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The border crisis arrives in Chicago

CHICAGO, IL - SEPTEMBER 11: Venezuelan migrants Yorbis Natera (red tee) and Ismar Aular (pushing stroller), left, who are living at the Chicago Police Department's 15th District walk their kids to school on Monday, September 11, 2023 in Chicago, Illinois. Since last year, over 14,000 migrants, mostly from Venezuela, have arrived in Chicago by bus from the Texas border. Chicago, which is a sanctuary city has been housing the asylum seekers at police stations, O'Hare International Airport, and city-run shelters.  (Photo by Joshua Lott/The Washington Post via Getty Images)
CHICAGO, IL - SEPTEMBER 11: Venezuelan migrants Yorbis Natera (red tee) and Ismar Aular (pushing stroller), left, who are living at the Chicago Police Department's 15th District walk their kids to school on Monday, September 11, 2023 in Chicago, Illinois. Since last year, over 14,000 migrants, mostly from Venezuela, have arrived in Chicago by bus from the Texas border. Chicago, which is a sanctuary city has been housing the asylum seekers at police stations, O'Hare International Airport, and city-run shelters. (Photo by Joshua Lott/The Washington Post via Getty Images)

Last year, Texas Governor Greg Abbott started busing migrants to Northern cities. Since then, more than 17,000 migrants have arrived in Chicago.

Longtime Chicagoans say caring for the migrants is coming at the expense of their communities.

How do Chicago lawmakers want to fix it?

Today, On Point: The border crisis in Chicago.


Cata Truss, Chicago resident. Plaintiff in lawsuit seeking to prevent city from housing migrants in Amundsen Community Center.

David Moore, alderman for the 17th Ward on the South Side of Chicago.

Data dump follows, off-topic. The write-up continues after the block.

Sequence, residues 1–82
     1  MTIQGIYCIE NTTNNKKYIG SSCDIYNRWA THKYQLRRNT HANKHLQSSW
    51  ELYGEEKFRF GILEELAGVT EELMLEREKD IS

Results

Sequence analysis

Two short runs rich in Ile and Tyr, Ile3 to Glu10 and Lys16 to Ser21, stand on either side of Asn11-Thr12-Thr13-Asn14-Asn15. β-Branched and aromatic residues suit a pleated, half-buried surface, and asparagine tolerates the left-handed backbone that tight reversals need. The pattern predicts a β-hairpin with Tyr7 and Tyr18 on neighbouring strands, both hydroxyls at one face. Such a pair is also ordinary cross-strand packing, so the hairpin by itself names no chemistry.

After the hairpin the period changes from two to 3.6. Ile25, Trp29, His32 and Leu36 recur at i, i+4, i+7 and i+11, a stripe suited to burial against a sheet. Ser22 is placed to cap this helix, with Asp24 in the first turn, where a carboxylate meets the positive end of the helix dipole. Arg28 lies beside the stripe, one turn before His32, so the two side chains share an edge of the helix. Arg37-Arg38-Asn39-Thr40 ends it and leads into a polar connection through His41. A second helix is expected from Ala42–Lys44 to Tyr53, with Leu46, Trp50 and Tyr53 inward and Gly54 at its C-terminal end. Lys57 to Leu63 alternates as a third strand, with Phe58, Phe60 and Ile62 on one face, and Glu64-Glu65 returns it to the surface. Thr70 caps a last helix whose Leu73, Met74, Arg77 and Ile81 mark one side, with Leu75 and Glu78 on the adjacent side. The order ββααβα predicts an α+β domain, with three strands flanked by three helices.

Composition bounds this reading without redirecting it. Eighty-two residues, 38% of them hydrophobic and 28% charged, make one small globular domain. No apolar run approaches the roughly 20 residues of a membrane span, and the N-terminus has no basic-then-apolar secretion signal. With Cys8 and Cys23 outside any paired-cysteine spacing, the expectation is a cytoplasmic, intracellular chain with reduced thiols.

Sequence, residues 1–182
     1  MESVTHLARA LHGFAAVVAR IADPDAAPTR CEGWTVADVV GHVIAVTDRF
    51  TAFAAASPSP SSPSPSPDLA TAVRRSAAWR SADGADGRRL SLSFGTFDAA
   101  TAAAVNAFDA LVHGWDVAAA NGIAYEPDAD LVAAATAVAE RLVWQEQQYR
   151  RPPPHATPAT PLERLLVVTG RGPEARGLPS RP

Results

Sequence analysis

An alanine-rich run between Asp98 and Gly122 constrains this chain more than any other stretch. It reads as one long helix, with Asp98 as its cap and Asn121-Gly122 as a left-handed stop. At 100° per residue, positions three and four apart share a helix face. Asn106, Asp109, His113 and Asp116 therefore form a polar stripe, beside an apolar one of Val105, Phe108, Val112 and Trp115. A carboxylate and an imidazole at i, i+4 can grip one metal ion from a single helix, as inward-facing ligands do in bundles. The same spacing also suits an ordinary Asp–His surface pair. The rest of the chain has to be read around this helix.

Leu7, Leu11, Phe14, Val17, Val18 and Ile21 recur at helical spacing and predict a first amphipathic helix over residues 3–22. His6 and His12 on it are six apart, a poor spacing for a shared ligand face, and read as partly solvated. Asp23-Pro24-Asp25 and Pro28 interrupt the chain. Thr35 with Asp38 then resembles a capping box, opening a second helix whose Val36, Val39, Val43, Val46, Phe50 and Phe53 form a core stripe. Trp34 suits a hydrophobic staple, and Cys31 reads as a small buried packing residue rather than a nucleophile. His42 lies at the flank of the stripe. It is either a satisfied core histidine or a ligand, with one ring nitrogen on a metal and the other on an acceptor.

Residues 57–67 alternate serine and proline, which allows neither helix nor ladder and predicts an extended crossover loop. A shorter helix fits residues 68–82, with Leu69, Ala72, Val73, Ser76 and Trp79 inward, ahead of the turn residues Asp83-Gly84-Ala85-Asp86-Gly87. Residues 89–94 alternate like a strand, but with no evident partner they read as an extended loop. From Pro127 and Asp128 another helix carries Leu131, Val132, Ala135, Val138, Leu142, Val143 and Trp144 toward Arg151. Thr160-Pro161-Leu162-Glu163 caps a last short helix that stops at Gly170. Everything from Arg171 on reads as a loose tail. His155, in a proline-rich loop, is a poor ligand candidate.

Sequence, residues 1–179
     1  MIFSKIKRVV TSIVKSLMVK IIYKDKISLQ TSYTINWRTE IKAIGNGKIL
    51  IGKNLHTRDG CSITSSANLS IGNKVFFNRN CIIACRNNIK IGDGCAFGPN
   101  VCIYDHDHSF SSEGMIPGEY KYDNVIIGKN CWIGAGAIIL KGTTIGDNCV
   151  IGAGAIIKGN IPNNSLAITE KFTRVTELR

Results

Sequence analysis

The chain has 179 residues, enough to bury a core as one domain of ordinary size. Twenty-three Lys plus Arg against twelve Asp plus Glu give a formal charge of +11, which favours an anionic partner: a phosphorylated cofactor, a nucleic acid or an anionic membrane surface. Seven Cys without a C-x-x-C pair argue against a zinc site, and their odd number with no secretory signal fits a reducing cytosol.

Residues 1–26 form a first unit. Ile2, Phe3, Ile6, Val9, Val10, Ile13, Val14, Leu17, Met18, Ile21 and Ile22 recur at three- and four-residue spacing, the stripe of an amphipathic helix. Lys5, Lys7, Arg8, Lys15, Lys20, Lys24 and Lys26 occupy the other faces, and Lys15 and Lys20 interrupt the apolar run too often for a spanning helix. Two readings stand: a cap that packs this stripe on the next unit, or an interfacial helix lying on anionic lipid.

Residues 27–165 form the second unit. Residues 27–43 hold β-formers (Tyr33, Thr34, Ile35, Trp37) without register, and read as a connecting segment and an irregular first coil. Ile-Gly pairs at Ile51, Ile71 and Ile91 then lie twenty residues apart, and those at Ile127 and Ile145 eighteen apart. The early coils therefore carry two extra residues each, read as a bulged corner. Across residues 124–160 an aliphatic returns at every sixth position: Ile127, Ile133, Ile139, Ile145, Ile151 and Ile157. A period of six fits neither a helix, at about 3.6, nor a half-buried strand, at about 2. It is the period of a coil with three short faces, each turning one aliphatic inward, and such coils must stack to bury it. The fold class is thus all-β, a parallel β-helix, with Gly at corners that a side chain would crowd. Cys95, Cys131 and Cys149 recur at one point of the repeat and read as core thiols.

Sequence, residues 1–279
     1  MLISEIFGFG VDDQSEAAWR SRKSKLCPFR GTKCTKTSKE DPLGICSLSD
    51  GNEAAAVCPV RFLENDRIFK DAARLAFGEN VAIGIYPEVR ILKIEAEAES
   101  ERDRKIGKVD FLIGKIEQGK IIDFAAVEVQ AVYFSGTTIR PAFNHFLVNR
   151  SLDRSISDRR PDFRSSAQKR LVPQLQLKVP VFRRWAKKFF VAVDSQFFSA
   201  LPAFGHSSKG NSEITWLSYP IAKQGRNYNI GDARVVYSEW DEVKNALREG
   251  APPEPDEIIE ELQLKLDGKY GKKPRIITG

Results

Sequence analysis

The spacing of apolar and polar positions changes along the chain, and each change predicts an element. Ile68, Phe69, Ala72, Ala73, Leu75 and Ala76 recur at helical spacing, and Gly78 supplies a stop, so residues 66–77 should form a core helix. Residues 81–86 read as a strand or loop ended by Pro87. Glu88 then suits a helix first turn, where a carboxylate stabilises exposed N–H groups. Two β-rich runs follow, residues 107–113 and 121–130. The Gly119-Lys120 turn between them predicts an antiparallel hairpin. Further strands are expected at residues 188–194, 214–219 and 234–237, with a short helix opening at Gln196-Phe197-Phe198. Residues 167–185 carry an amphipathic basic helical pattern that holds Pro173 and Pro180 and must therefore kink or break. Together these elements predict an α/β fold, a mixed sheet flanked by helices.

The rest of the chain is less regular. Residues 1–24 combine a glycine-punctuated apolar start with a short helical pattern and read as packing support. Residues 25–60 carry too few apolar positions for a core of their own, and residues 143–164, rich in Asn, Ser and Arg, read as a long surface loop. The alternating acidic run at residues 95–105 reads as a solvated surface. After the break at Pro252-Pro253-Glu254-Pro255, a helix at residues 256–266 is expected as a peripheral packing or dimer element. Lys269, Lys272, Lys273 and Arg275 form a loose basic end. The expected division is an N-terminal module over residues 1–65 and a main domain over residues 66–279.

Jack Beatty,On Point’s news analyst. Host of the Jackpod.

Also Featured

Sara Izuierdo, co-founder of the Mobile Migrant Health Team.


Part I

MEGHNA CHAKRABARTI: The plan is to build a winterized tent city on a vacant lot that will house 2,000 migrants. The city of Chicago’s decision to build the migrant tent base camp in the Brighton Park neighborhood is just like every decision the city has made in the past year concerning the migrants pouring into Chicago.

It’s a decision made in crisis conditions that’s pitting Chicagoan against Chicagoan. That tension, that divide has spilled over all across the city. In the Brighton Park neighborhood, a Chicago alderwoman was assaulted at a protest, and the anger continued to pulsate in a community meeting earlier this week.

Hola, mi nombre es Juliet. Good evening, my name is Juliet. I have been here for about a year now, I arrived here from my country, from Colombia. Seeing children without their parents, people without a roof over their head in the winter, this is temporary. Please don’t hate us for trying to find a better life. (CHEERS) 

If you’re not putting a few people here, you’re not putting 200 of 300 here. You’re putting a few thousand, if they could flip this area over if they want. All residents live in this park have our right to know what is going on. And we have our right to say no.

CHAKRABARTI: This is On Point. I’m Meghna Chakrabarti. Since last year, Texas Governor Greg Abbott has been putting migrants on buses and sending them to northern cities. In Chicago, more than 19,000 migrants have arrived thus far, bringing the border crisis to this blue city. The crisis of how to house and care for the migrants has touched almost every Chicago neighborhood.